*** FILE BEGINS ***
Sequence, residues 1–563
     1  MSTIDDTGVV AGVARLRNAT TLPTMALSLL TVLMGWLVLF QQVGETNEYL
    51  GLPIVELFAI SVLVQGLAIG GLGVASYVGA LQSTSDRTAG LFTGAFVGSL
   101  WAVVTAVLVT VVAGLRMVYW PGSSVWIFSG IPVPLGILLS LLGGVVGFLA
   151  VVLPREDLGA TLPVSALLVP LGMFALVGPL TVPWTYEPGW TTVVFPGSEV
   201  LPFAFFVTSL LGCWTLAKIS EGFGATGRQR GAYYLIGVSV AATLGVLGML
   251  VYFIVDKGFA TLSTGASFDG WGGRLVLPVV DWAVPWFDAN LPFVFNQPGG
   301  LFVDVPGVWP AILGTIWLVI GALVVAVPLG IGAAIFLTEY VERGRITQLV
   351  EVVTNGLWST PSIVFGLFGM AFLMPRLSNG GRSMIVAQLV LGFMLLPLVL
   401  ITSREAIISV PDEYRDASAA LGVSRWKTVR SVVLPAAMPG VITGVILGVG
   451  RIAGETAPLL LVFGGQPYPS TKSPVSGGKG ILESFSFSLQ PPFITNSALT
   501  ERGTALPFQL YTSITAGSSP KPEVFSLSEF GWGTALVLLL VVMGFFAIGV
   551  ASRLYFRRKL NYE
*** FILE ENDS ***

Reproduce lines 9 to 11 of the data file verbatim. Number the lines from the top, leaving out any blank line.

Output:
   351  EVVTNGLWST PSIVFGLFGM AFLMPRLSNG GRSMIVAQLV LGFMLLPLVL
   401  ITSREAIISV PDEYRDASAA LGVSRWKTVR SVVLPAAMPG VITGVILGVG
   451  RIAGETAPLL LVFGGQPYPS TKSPVSGGKG ILESFSFSLQ PPFITNSALT